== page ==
Hello foul summer. Honestly, I had such hope with that glimmer of sparkling sunshine and my bright pink sunburned nose on Wednesday. This would normally bother me, but I was willing to ignore it, and wear it proudly as a sign that summer was here.
Then I woke up on Thursday and looked out the window at the all too familiar drizzle. My heart sank. I know I should be used to this, growing up in Ireland and all. Although, I did grow up in the Sunny South East (the term is very relative). I remember visiting Spanish students watching us horrified, them in their jumpers, and us Irish teenagers, swimming joyfully in the Atlantic in our togs, in the cold and the rain. It was normal for us then.
Not now though, at least not for me. I have lost my drizzle condition. I have always loved the relative lack of rain in London. Now that I am settled here and rejoicing in the lack of it, some cosmic joker has arranged that there should be nothing but rain and lots of it. Rain and that persistent pest drizzle.
What to do? Well, I need to stop typing R-A-I-N and turn to the kitchen, of course. It is definitely the season for ragu. Rich and comforting, and so very soothing. It smells like a dream and with homemade papardelle, which I promise you is so worth the effort, the rain is nothing to me, and I don’t care if I ever leave my flat again.
Which ragu? There are many. I usually make beef ragu but sometimes veal, beef and veal, pork or duck. Well, I wanted duck on Friday. It was weather for ducks after all. Boom boom.
Duck ragu delivers deep rich flavour and is relatively pain free, hands off, and delicious. There is a treasure trove of cooks treats. Crispy roast duck skin, duckie crackling, lets call it quackling (boom boom, again). The tiny brown rich bits stuck at the end of the roasting try. Which in this grim weather, or anyway, you need to scrape off and lick off your spoon. After the spoon as cooled down a little, ideally. I type with a semi blistered tongue.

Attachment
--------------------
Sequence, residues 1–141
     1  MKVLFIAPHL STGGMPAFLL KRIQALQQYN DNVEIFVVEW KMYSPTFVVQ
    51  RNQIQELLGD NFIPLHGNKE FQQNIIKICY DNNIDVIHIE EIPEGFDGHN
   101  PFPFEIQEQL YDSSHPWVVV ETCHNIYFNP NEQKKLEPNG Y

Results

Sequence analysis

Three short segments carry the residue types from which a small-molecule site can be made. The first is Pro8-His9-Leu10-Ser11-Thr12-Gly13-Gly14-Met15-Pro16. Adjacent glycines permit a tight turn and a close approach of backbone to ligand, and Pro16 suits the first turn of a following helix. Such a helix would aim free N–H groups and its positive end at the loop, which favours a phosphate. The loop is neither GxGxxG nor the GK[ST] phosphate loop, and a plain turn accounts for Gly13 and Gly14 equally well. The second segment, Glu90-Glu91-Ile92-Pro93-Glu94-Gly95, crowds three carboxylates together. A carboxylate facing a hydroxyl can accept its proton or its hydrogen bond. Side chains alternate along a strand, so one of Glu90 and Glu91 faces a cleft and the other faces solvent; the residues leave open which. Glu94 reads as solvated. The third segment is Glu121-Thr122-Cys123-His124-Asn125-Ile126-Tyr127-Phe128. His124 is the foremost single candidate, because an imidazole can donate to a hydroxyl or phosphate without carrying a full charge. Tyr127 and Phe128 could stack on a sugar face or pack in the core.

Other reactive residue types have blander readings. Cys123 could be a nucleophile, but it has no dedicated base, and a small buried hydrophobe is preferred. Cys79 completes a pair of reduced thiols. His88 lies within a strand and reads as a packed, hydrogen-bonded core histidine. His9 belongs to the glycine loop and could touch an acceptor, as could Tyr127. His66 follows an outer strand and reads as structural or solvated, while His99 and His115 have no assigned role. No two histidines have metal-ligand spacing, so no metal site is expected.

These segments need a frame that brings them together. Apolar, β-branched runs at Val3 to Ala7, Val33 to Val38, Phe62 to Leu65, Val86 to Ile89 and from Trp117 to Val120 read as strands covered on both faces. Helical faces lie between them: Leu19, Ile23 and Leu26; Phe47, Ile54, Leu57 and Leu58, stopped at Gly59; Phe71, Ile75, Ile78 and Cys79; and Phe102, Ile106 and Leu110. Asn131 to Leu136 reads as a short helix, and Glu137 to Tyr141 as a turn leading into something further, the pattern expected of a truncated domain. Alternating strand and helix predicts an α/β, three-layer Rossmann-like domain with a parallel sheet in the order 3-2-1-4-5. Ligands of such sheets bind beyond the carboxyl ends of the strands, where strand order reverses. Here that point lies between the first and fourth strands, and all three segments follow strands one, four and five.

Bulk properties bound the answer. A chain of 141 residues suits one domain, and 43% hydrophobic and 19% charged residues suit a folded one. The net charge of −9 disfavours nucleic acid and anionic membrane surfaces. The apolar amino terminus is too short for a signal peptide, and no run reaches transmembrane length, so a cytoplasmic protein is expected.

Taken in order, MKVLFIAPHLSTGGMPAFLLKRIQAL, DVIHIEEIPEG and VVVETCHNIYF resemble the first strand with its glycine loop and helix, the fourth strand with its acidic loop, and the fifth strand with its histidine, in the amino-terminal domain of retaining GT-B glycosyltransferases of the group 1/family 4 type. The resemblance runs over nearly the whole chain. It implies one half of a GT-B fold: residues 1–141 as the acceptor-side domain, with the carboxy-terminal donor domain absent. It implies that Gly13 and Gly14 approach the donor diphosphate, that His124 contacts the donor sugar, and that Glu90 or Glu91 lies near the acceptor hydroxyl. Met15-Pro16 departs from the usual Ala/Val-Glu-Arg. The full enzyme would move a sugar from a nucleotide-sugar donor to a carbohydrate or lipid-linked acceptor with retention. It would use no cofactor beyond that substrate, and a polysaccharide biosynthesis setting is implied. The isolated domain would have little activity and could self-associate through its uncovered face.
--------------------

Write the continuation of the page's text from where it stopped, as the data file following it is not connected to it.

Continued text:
I started with six duck legs, but once I had had some of the skin, I had to eat one of them. So, I recommend you roast an extra one for yourself or start making the ragu when you are not in the slightest bit hungry. Otherwise you won’t be able to resist, just like me. You may just want an extra one anyway. Why not? Just do it.
The homemade pasta was terrific but I will save that for the next post. The gremolata is a must as it lifts the deep savoury ragu and gives the dish balance. Enjoy and I hope that the next time I type my missive, the weather will be cheerier, and I will be along with it.
Recipe: Duck Ragu with Papardelle & Gremolata
5 duck legs
2 banana shallots, finely chopped (or one onion)
2 carrots, peeled, quartered lengthways and finely sliced
3 cloves garlic, peeled and finely chopped
1 x 400g tin tomatoes
500ml good duck or chicken stock (make it or as good as you can get – it makes a difference)
250ml full bodied red wine
2 bay leaves
1 star anise
a handful of fresh thyme
finely grated zest of half an orange
Handful of flat leaf parsley, finely chopped
3 cloves of garlic, peeled and finely chopped
the rind of one unwaxed lemon, finely shredded
1 pack of papardelle or papardelle from my next post (hold tight! :)
Preheat your oven to 180 deg C.
Arrange the duck legs on a single layer, score the skin lightly with a sharp knife every inch or so, and sprinkle the skin with some sea salt.
Roast for an hour, basting the skin with the duck fat about half way though. Raise the temperature to 225 deg C for 10 minutes to crisp the skin, and you are done.
Allow to cool slightly. While the duck is cooling, sauté the shallots and the carrots over a medium heat and in a tablespoon of the duck fat which has rendered out while the duck legs were roasting.
Remove the skin – cooks treat! – and remove the duck meat from the bones. You can use the bones for stock another time if you wish. Chop the meat and some of the skin into small pieces. I like to add some skin to the ragu too as it breaks down as the ragu cooks and it gives the sauce a beautiful deep savouriness.
When the onions and carrots are starting to soften, but not brown, about 8 – 10 minutes, add the garlic for a minute.
Add the wine, and raise the heat for a couple of minutes until the wine starts to reduce and the alcohol has cooked off. Add the stock, tomatoes, orange zest, star anise, thyme and bay leaves. Bring to just below the boil, reduce the heat to low, and cook for as long as you have, at least a couple of hours.
When the ragu is finished, remove the anise and any thyme stems. Season with sea salt, and cook the papardelle according to packet instructions until al dente.
Make the gremolata by combining the parsley, lemon and garlic. Add the papardelle to the hot ragu and combine thoroughly. Serve with the gremolata on top.
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